The recent case of Vanguard Identification Systems Inc. v. Patent of Bank of America Corp. confirmed Rosen, and went further in holding that an alleged primary reference which is missing a critical element of the claimed design is, in fact, insufficient to establish a prima facie case, and that it is impermissible to import the missing critical element from a secondary reference. 432010 WL 1064484 (Bd. Pat. App. & Int. 2010) (“We understand … Rosen as merely stating that modifications to the primary reference during the obviousness analysis cannot be to an extent so as to destroy the fundamental characteristics of a primary reference. We do not understand it as stating that ‘[a] reference is a suitable ‘primary reference’ provided that the modifications to it that would be needed to achieve the claimed design would not ‘destroy fundamental characteristics’ of the primary reference’ as argued by the Respondent…. The Respondent’s obviousness analysis … bypasses the necessary initial step, and identifies a reference which does not have design characteristics basically the same as the claimed design, and then proceeds to extract features from secondary references to achieve the claimed design….”), aff’d without opinion, 407 Fed. Appx. 479 (Fed. Cir. 2011). The words “ordinary observer” did not appear in the opinion.


Well reasoned case law has established the standard for design patent anticipation: the prior art must be “identical in all material respects” 44Hupp, supra note 10. See discussion, supra Section I. to the claimed design. Regarding obviousness, it is clear beyond peradventure that it is to be judged by a designer of ordinary skill in the art. 45Nalbandian, supra note 39. See discussion, supra this section. Seaway is an abrupt departure from these sound standards. It mistakenly adhered to an old, outdated “maxim” that required the same tests to be applied for both infringement and anticipation. 46See Seaway at 1241 (“In light of Supreme Court precedent and our precedent holding that the same tests must be applied to infringement and anticipation, and our holding in Egyptian Goddess that the ordinary observer test is the sole test for infringement, we now conclude that the ordinary observer test must logically be the sole test for anticipation as well. In doing so, we will prevent an inconsistency from developing between the infringement and anticipation analyses, and we will continue our well established practice of maintaining identical tests for infringement and anticipation.”). Seaway’s “careful consideration” 47Seaway at 1237. failed to recognize that the maxim it clung to is properly limited to cases of literal infringement, and that the ordinary observer’s “substantially the same” infringement test is not a test of literal infringement. 48See discussion, supra Section I. Then, in its earnest attempt to resolve its conflation of the tests for anticipation and obviousness, Seaway posited that the ultimate determination of obviousness is to be made from the perspective of the ordinary observer. 49Seaway at 1240. This was both dicta and contrary to well established case law.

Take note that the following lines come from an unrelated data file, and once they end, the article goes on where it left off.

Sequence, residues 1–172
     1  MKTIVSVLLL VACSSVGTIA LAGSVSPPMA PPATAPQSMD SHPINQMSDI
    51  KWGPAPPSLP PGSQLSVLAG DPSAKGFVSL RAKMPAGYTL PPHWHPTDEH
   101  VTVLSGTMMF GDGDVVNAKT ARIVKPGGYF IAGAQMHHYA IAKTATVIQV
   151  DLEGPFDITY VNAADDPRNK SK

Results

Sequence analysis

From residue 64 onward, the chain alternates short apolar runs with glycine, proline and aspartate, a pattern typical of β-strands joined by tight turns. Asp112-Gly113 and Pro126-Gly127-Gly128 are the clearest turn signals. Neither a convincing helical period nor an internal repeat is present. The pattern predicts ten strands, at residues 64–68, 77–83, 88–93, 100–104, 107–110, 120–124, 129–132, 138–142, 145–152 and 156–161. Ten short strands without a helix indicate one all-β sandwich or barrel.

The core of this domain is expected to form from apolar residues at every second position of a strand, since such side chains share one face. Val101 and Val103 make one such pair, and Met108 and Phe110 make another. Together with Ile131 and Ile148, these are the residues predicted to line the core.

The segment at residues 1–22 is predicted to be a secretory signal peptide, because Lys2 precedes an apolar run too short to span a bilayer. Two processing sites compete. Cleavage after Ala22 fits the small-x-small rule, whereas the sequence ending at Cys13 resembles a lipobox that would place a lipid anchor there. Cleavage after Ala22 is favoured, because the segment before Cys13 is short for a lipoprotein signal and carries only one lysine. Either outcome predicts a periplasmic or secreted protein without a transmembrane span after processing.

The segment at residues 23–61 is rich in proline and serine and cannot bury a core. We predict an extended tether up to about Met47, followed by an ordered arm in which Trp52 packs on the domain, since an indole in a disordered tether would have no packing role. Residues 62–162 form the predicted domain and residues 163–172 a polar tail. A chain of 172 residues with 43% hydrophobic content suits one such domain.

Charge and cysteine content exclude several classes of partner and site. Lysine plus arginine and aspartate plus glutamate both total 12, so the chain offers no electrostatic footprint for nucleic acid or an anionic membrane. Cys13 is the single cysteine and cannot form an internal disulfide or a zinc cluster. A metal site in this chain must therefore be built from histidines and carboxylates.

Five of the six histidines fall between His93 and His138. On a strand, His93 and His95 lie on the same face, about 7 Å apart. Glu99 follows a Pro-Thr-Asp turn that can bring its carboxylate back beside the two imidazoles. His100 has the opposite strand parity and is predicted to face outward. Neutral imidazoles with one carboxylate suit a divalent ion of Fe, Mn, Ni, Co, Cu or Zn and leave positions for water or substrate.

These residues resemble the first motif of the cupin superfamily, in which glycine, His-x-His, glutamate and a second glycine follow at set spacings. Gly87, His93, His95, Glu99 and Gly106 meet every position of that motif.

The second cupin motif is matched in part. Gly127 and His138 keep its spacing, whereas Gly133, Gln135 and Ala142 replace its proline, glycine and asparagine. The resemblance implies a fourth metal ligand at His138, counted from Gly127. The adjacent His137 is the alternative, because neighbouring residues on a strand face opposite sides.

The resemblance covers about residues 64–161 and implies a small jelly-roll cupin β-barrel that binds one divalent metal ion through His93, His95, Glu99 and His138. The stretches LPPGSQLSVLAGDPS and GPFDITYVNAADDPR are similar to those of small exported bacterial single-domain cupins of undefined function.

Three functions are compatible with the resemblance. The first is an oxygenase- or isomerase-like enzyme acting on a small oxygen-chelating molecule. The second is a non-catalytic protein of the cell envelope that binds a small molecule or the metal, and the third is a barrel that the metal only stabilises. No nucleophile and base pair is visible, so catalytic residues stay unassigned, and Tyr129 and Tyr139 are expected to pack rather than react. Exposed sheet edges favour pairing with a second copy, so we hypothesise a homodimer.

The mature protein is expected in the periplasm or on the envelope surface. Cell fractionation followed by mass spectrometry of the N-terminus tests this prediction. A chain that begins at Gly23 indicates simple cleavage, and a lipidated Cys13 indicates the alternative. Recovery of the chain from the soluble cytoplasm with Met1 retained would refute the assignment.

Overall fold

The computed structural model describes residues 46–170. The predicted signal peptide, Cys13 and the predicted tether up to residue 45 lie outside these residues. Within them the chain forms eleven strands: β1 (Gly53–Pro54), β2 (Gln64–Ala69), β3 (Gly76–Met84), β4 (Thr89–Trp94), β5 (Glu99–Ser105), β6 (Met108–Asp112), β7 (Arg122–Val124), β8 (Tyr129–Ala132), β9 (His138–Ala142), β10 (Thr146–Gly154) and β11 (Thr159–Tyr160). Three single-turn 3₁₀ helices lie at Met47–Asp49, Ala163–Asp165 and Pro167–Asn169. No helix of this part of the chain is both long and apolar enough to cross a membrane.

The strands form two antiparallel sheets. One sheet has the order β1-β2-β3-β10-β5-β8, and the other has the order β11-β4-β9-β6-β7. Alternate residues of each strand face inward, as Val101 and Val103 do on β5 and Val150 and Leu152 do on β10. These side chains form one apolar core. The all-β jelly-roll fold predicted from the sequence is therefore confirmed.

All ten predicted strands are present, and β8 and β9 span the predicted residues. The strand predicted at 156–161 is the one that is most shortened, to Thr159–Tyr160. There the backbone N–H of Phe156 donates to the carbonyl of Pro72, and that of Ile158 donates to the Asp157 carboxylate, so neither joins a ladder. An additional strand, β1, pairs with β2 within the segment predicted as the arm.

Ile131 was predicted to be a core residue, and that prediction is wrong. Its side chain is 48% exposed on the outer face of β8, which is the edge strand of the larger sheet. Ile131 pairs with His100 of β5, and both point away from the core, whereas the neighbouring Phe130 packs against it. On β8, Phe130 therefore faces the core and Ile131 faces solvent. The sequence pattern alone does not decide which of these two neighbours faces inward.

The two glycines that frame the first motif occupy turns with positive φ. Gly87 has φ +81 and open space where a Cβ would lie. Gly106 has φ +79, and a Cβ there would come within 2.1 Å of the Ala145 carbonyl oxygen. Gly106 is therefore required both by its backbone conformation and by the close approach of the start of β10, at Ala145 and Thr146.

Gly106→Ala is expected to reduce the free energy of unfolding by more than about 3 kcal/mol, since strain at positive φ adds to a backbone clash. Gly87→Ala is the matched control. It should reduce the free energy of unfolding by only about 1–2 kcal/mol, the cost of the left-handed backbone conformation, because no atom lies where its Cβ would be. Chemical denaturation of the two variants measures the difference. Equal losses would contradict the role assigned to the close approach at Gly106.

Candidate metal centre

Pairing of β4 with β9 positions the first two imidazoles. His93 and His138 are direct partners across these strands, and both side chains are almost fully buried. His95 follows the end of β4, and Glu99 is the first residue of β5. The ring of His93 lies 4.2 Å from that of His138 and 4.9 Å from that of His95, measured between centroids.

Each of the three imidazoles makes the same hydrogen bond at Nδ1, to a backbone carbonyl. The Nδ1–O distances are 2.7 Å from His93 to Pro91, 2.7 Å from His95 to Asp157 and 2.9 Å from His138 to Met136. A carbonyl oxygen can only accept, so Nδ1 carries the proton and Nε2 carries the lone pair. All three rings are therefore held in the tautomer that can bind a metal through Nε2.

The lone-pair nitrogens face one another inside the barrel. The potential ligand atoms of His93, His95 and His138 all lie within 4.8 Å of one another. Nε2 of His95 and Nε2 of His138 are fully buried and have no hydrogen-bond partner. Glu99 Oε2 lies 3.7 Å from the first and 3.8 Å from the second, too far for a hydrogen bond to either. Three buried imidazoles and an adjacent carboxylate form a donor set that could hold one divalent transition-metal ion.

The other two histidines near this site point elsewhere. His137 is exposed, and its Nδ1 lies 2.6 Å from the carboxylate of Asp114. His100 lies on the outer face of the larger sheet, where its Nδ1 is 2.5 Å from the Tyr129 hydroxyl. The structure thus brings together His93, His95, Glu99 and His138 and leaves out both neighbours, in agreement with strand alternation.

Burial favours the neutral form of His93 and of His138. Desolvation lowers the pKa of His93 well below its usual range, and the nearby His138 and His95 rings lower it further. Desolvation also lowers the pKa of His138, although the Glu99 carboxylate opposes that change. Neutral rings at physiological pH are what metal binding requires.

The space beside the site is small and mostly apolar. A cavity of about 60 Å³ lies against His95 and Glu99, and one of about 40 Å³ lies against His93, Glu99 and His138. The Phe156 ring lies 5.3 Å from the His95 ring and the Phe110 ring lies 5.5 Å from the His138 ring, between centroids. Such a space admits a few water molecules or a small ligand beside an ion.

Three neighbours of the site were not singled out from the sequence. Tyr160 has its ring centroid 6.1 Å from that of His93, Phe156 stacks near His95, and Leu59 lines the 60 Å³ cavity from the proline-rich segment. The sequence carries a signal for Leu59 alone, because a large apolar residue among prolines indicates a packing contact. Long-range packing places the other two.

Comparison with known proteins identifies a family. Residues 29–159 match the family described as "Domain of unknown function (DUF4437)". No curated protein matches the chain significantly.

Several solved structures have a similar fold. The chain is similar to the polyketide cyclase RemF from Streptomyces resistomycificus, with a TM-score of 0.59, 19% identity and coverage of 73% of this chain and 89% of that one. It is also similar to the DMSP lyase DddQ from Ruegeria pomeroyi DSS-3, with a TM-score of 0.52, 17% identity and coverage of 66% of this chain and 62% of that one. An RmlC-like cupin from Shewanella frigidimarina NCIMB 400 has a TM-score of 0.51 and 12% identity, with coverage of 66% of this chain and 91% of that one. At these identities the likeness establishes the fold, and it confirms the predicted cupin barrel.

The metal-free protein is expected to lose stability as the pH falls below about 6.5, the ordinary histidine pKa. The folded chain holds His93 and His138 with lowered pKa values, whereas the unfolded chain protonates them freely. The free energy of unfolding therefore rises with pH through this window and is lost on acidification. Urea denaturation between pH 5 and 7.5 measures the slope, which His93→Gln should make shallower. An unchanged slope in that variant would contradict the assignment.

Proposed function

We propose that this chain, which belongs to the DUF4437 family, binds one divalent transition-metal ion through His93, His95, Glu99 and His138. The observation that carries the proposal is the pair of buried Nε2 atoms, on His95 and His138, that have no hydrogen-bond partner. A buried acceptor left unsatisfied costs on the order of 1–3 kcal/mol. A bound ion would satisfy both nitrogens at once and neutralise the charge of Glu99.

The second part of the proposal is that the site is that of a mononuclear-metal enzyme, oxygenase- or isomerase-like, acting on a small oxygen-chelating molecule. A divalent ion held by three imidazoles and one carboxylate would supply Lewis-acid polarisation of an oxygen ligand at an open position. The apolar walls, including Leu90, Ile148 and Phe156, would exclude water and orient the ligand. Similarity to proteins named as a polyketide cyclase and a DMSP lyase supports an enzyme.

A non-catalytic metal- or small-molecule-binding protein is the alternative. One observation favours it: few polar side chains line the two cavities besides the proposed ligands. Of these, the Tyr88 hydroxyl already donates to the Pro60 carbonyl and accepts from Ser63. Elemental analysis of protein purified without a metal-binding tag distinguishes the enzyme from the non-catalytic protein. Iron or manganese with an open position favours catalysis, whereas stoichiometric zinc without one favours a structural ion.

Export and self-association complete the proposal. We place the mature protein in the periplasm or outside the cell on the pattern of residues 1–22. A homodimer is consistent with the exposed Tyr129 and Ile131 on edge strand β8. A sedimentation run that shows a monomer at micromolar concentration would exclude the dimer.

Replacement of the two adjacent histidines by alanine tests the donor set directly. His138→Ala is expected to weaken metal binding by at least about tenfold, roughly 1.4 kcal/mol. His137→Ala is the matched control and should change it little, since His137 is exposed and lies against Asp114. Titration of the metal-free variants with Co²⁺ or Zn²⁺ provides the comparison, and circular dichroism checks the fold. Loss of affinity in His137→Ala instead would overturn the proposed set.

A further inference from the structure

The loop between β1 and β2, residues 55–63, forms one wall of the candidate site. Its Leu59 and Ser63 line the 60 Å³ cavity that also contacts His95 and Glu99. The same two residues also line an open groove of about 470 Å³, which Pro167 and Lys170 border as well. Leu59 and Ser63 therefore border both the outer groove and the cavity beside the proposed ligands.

The use in design patent litigation of Seaway’s holding regarding anticipation and dicta regarding obviousness should be strongly challenged so that the Federal Circuit can be given an opportunity to bring design patent validity analyses back to a safe harbor.